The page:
Another reason for Helen’s plea might be the threat of a non-negotiable life sentence if she’d gone to trial and lost. Although the Liberal government has proposed a number of changes to mandatory minimum sentences, including repealing some entirely, advocates say they don’t go far enough. They want legislation to repeal all mandatory minimums, or to at least grant judges the discretion to not impose them. Alberta Senator Paula Simons brought up Naslund’s case in the Senate in November as an example of why such sentences are unjust, saying that “the spectre of that mandatory minimum sentence made a truly fair trial impossible.”
Sheehy questions Sanderson, the sentencing judge, for referring to the use of a firearm as an aggravating factor during sentencing. Women usually can’t kill with their bare hands, says Sheehy, “but men can. They do strangle women to death and they do beat them to death. And so, if a woman is going to defend her life, a weapon is often her only opportunity to do so.” If a woman receives a more severe sentence because she used a firearm to kill an abusive partner, it should be clear how and why guns were in the home, says Sheehy. It should also be made clear if they were ever
used against the woman herself.
Before COVID-19, a woman in Canada was killed by her intimate partner about every six days. In 2020, 160 women and girls were killed, one every 2.3 days. In the 143 cases where a killer was identified, 90 percent were men. Yet Helen’s sentence exceeds many of the manslaughter sentences given to men who killed their spouses. In 2017, Nathan Russell Mullen received an eight-year sentence for manslaughter for fatally choking his wife, Leslie Dwyre, in Saskatchewan. In Alberta, Allan Shyback was acquitted of murder after strangling his wife and cementing her body in a basement wall of their home in 2012. His manslaughter sentence was seven years, later increased to 10 years by the Court of Appeal.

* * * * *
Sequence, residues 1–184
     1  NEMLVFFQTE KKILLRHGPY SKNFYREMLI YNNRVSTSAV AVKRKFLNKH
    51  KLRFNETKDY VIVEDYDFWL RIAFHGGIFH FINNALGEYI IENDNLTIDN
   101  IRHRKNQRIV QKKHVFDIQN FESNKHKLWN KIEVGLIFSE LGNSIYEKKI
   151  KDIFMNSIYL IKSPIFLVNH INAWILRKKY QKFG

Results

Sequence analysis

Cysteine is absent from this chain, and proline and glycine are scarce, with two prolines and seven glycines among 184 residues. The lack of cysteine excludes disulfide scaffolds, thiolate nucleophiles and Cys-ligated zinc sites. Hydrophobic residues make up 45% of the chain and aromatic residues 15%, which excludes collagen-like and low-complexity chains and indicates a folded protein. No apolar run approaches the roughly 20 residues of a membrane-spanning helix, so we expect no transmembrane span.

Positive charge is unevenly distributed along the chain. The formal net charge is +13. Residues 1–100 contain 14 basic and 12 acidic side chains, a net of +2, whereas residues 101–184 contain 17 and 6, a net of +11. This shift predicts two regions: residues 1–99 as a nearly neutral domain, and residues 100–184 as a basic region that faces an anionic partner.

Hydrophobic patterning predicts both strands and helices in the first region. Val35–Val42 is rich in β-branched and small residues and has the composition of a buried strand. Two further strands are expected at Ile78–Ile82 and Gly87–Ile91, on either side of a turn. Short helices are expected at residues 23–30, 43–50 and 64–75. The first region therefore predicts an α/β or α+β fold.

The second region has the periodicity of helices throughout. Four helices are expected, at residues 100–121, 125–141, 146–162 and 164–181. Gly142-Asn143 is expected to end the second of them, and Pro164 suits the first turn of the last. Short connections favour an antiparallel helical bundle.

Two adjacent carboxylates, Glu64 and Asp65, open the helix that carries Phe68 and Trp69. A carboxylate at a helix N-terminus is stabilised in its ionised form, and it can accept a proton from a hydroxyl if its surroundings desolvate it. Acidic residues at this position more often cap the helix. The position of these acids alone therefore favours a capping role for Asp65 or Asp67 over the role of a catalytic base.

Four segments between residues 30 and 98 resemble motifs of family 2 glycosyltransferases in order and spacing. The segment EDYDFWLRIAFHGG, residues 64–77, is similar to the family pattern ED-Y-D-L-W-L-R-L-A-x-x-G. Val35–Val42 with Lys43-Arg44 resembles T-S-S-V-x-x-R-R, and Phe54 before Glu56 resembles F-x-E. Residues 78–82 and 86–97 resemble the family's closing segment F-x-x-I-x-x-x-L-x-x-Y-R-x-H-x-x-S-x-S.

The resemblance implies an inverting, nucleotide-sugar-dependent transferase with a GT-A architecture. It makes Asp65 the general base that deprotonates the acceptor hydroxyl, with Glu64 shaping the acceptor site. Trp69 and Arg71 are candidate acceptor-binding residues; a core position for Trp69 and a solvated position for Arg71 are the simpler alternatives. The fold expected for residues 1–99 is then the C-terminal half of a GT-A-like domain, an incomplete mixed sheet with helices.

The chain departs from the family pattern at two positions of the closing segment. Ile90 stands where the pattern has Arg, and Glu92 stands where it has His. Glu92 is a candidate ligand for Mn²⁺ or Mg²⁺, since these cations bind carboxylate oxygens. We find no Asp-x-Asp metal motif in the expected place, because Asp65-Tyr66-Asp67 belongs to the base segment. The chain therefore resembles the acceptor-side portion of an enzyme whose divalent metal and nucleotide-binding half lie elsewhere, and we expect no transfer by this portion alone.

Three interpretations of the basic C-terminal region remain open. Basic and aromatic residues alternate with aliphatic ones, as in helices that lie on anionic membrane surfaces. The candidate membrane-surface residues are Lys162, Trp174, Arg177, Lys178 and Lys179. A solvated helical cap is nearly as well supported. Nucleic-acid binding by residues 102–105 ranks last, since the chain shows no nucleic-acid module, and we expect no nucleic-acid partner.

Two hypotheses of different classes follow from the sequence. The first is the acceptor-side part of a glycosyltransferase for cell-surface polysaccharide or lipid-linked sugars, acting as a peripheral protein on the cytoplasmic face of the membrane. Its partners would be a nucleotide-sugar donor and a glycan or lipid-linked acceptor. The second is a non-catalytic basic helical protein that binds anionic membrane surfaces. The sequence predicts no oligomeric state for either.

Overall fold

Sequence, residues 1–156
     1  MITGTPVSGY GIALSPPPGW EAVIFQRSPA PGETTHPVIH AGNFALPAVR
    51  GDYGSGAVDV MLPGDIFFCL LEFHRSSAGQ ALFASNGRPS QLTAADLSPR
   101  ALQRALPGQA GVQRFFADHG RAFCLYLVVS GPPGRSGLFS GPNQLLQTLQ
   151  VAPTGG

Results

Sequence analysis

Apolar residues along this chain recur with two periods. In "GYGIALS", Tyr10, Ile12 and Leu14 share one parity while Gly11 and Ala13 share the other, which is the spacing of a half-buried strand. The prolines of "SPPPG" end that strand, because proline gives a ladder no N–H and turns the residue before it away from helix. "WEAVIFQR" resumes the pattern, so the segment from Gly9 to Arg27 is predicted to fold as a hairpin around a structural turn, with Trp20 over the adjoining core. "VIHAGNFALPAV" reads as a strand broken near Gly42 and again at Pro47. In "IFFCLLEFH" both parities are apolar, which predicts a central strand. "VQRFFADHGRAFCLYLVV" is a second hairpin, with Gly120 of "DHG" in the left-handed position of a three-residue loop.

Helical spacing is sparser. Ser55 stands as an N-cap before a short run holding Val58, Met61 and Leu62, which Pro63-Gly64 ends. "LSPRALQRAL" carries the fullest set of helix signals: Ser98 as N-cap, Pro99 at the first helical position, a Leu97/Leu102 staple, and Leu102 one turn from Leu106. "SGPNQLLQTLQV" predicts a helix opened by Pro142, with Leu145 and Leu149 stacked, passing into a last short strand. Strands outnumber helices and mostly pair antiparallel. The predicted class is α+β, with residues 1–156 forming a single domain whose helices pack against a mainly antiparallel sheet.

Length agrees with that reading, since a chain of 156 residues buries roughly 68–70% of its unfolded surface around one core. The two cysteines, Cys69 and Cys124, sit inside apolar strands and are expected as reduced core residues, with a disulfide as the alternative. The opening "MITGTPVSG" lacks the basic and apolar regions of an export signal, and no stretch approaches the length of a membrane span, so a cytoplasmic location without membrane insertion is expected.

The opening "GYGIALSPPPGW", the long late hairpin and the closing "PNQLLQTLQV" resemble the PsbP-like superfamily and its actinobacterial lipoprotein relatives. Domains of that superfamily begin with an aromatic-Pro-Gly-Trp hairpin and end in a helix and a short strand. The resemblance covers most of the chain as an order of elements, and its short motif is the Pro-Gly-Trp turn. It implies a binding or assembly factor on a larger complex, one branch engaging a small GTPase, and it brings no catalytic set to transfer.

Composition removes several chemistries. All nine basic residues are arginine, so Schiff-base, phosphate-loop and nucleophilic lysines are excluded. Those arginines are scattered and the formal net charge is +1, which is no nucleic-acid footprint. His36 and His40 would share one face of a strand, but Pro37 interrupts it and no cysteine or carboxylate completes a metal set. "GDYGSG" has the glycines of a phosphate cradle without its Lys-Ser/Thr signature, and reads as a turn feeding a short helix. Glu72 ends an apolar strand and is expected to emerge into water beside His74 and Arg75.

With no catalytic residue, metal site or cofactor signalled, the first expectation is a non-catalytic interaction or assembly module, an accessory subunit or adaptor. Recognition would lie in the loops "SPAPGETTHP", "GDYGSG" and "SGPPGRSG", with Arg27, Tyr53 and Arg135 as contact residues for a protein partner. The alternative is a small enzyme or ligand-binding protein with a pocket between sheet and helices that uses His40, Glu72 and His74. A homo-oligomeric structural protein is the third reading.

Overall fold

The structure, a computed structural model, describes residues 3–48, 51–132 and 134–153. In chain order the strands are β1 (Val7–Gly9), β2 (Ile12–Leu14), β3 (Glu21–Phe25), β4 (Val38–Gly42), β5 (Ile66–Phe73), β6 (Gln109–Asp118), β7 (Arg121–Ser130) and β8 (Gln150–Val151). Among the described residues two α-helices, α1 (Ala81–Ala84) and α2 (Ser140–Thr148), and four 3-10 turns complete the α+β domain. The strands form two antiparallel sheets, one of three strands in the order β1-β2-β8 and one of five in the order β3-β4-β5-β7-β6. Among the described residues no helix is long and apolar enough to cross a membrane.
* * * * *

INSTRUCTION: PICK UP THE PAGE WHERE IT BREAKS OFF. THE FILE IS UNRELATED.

Reimer, of the Alberta Council of Women’s Shelters, says she feels as though men who kill or harm their partners are treated lightly by the justice system compared with women who do the same. “Sometimes in our sector, you just have to wonder where’s the balance?” she says.
According to Sheehy, the majority of women charged with manslaughter in the context of domestic violence receive no jail time, or sentences of less than two years. No woman has received a sentence close to Helen’s; the longest Sheehy knows of was 10 years. “It’s an extremely punitive sentence for a woman who was held captive for nearly 30 years,” she says.
There’s no single change that will keep domestic violence survivors from ending up in prison with lengthy sentences. But there is one overarching theme in experts’ recommendations: Canadian society is far too tolerant of gender-based violence. Every one of us needs to learn how to recognize it and respond appropriately. Only six percent of women ever report abuse to police or social agencies, but they more often tell a friend or family member.
We need to recognize that domestic violence isn’t limited to physical violence—it includes coercive and controlling behaviours, too. Like abuse itself, solutions to gendered violence must be multi-faceted: Affordable housing and strong payequity laws could put women in a financial place to leave a violent relationship, while community-led specialized services could offer specific support to those who are Indigenous or racialized.
We need men to understand that harming women is unacceptable. And so we need to show it is not tolerated, with legislation and enforcement that highlight a broad definition of intimate partner abuse and don’t shy away from its gender-based nature.
In sum, we need a radical change in the way we view domestic violence—and changes at all points along the pathway that took Helen, and others like her, to prison.
In February 2021, Helen asked the Alberta Court of Appeal to review her sentence. The notice argues Justice Sanderman failed to consider the domestic abuse she endured. It also argues her sentence “brings the administration of justice into disrepute.” In June, three appeal judges heard arguments for and against a sentence reduction by the Crown and Helen’s lawyer, Duckett, respectively. There’s no timeline for when they will deliver a decision.
Soon after she filed her appeal, Helen wrote me a letter from prison. In it, she said she could not comment on the case and that she is a private person who doesn’t “do very well” talking about herself to anyone, especially strangers. The attention around her case has made her uncomfortable. “It’s pretty overwhelming the amount of interest and concern that is out there,” she said, adding that she appreciates the support from people across the country.
“This is a very difficult road I am going down, but I am holding up as best I can at this time,” she wrote at the end of her letter.